Imagine a busy day at work. One of your coworkers walks over to your office and asks for your help — he is struggling to understand some financial projections. You put aside what you’re doing and spend the next 45 minutes helping him sort through the formulas and numbers. He leaves your office with a better understanding of the projections.
How would you feel after this interaction? Happy that you helped a coworker in need? Worried that this interruption interfered with your own work? Tired because you spent mental energy working through his problem? Most of the published research on helping suggests that you would feel happy and energized. My personal experiences (and, I am guessing, yours) tend to be mixed.
Indeed, my recent research suggests that responding to help requests at work is a double-edged sword. On the one hand, helping coworkers in need is energizing and replenishing, particularly when that help is perceived as beneficial to coworkers — in other words, when you can see that your help has actually made a positive difference. On the other hand, helping coworkers in need drains the helper’s cognitive and emotional resources, leaving them too tired and depleted to perform subsequent work tasks.
These insights are informed by work that my coauthors and I published in the Journal of Applied Psychology. We surveyed 68 managerial and professional employees every day for 15 consecutive workdays. We asked these employees to report how many times they responded to help requests from coworkers that day at work and whether their help had been beneficial to those they helped. We also measured their level of energy throughout the day. We found that, similar to running the first few miles of a long race, responding to one or two help requests was not particularly energy-sapping on a given day for helpers. However, as with running a full marathon, responding to numerous help requests was increasingly depleting for employees. Energy depletion manifests itself as reduced willpower and ability to focus, manage emotions, or persist at difficult tasks. Helping multiple times a day left employees depleted until the next morning, even though they rested that night.
Interestingly, we found that responding to many help requests was particularly problematic for prosocial employees, people who value helping others and who help on a regular basis. Perhaps because helping others is so important to their sense of self, prosocial employees devote more time and cognitive resources to helping others. Thus, the high-quality help that prosocial employees tend to provide seems to come at a higher cost for them — they feel more depleted and derive less replenishment even when their help is beneficial to coworkers.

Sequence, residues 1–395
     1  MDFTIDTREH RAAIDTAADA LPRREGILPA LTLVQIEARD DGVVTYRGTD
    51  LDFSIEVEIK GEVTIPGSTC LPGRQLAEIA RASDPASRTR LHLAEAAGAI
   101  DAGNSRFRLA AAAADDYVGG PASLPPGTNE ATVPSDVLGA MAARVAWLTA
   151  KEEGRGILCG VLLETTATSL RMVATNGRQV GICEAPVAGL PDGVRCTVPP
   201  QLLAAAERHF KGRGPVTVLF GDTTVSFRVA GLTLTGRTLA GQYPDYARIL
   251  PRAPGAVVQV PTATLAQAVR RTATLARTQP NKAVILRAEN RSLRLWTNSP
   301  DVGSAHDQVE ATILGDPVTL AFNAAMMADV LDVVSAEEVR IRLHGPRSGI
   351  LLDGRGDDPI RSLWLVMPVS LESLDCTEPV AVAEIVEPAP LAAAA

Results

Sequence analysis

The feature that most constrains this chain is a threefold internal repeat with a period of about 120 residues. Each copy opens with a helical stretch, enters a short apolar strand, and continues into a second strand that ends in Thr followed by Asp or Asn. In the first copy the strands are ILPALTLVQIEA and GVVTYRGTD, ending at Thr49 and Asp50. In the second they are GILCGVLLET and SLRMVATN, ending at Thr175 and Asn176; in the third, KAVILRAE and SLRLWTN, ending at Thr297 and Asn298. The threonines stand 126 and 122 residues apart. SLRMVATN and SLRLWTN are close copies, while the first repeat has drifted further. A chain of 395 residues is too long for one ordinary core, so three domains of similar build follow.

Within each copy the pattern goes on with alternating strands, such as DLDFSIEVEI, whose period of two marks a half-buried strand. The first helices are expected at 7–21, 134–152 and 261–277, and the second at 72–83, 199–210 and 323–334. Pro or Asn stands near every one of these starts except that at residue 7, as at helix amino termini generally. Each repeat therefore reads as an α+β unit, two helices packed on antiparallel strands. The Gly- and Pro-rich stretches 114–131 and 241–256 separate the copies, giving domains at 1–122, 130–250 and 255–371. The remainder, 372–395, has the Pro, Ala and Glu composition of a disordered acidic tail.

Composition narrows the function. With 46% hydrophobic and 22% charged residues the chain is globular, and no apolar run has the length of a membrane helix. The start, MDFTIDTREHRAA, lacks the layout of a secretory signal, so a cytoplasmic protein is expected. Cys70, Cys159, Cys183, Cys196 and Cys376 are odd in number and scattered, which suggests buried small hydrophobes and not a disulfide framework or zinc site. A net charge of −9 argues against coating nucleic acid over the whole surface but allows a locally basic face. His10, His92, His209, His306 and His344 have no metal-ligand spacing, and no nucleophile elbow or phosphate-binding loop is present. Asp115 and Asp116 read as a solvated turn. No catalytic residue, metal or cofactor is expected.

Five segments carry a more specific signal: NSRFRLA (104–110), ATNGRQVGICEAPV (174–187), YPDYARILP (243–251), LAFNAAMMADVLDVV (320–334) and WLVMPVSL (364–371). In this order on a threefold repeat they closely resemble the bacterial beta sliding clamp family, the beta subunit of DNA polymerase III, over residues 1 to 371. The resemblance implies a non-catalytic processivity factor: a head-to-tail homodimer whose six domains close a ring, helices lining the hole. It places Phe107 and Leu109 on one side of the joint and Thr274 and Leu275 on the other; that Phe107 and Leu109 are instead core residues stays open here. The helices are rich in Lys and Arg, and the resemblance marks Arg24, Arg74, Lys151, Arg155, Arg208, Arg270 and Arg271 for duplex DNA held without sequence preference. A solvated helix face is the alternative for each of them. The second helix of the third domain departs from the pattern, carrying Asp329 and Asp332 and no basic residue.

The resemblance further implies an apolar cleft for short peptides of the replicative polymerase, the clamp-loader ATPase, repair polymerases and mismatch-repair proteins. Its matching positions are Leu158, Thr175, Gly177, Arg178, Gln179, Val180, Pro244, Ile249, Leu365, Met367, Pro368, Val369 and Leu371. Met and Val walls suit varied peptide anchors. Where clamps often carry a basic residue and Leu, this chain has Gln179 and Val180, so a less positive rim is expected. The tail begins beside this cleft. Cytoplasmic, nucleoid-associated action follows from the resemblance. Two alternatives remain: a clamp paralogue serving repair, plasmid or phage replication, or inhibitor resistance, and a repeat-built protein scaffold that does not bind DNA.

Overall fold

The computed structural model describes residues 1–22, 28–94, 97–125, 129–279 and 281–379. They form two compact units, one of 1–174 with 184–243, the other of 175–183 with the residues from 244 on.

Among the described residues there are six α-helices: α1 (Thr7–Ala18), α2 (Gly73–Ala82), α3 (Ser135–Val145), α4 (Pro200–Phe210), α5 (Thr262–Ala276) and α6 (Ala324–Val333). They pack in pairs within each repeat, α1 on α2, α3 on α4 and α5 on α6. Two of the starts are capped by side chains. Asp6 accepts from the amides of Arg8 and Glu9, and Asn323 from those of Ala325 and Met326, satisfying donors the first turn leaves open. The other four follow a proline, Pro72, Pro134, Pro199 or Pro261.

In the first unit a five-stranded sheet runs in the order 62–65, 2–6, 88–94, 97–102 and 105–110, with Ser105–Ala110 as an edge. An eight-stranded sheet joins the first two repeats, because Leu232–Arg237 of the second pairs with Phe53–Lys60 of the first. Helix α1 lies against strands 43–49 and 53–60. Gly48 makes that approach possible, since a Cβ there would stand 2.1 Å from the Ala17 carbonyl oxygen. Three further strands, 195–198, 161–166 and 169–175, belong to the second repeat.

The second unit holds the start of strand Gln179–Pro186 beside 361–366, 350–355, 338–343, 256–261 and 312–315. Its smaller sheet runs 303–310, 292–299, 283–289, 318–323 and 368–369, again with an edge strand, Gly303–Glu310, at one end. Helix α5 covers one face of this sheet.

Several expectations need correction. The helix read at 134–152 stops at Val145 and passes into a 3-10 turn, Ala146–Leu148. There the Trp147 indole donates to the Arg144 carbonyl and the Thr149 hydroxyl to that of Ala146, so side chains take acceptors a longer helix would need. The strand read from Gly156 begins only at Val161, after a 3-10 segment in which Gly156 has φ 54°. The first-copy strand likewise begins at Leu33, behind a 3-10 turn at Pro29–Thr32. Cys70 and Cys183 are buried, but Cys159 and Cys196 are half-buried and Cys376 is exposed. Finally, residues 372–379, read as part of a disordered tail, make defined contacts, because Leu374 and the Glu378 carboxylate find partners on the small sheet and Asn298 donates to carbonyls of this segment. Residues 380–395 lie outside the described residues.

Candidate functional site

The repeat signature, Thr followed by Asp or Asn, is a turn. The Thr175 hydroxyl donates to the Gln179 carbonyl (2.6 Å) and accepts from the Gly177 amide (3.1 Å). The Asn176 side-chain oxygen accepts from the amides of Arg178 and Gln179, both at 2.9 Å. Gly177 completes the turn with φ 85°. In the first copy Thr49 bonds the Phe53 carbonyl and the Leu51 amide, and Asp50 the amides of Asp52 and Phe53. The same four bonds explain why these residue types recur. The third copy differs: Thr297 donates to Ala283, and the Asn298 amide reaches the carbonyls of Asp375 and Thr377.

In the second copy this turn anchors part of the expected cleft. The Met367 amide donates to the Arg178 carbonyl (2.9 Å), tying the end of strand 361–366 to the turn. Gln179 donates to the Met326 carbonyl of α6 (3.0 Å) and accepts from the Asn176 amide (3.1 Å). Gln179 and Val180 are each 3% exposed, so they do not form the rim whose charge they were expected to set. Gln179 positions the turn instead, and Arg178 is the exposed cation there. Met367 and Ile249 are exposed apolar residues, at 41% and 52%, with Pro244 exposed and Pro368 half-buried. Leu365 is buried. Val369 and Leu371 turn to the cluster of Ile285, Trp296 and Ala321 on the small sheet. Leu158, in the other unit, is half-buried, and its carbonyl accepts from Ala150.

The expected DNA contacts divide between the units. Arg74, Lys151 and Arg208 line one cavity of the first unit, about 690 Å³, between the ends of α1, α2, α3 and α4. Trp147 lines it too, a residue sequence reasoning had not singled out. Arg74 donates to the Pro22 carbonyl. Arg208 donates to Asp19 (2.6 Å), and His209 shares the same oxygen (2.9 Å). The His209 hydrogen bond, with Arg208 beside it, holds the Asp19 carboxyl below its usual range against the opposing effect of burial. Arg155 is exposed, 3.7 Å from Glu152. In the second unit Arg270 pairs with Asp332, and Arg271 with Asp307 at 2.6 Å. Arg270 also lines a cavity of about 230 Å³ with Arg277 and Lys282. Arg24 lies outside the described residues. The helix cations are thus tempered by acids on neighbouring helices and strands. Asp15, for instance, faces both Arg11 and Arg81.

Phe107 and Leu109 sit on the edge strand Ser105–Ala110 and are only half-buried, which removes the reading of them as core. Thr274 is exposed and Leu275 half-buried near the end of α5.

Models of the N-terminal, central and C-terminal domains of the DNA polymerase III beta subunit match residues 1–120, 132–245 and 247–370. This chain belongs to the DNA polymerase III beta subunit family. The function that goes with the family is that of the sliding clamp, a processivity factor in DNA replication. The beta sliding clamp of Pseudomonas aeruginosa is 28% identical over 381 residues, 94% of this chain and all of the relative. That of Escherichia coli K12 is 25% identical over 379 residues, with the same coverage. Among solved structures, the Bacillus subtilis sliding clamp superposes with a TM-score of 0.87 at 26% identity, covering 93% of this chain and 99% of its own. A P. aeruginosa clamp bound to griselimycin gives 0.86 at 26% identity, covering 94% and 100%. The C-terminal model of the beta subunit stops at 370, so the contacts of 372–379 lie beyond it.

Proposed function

My coauthors and I find similar results in another study published in the Academy of Management Journal. We surveyed 82 employees from various organizations multiple times a day for 10 consecutive workdays. We found that daily helping had both positive and negative consequences for helpers. Helping was associated with positive emotions, which then enhanced helpers’ sense of energy as well as their satisfaction and commitment to work that day. At the same time, helping interfered with helpers’ own progress at work, depleted their inner resources, and hurt their job satisfaction and commitment. The positive effects of helping were more pronounced for people who are risk seeking, enjoy challenging themselves, and are motivated by the possibility of reward, whereas the negative effects of helping were more pronounced for people who are risk averse, prefer avoiding mistakes, and are motivated by preventing harm.
In light of these novel findings, what are the takeaways for helpers and help-seekers?
First, it is important to recognize that, in addition to positive effects, helping has negative effects that may persist for hours or days for the helper. In the first study I show that the depleting effects of helping were stronger than the replenishing effects.
Second, on days when helpers feel depleted from helping, they can resort to short-term solutions to restore their energy. For example, research suggests that taking breaks, napping, andand consuming caffeinemay be short-term solutions for depleted helpers.
Third, whereas refusing to help may constitute a social faux pas, agreeing to help at a future and more opportune time for the helper is appropriate. Thus, when possible, helpers may be better served if they help at the end of their workday or workweek, or after they have accomplished important goals of their own.
Help-seekers can play an important role in lessening the costs of helping in several ways.
First, help-seekers ought to be aware of the harmful effects that responding to help requests has on helpers and should avoid seeking help from the same person multiple times a day.
Second, help-seekers may be better served if they search for solutions by first consulting resources such as manuals and websites. Doing so is likely to improve their self-efficacy and learning while safeguarding helpers’ time and resources.
Third, help-seekers can facilitate the replenishing effects of helping by expressing gratitude and by explaining to helpers how their actions benefited help-seekers’ work and day. While saying “thank you” may sound obvious, we’re less likely to express thanks at work than anywhere else. Expressed gratitude boosts helpers’ affective resources and may offset some of the depleting effects of helping.
In sum, providing help is without doubt a critical behavior in every workplace. It is important, however, to remember that it comes with a cost.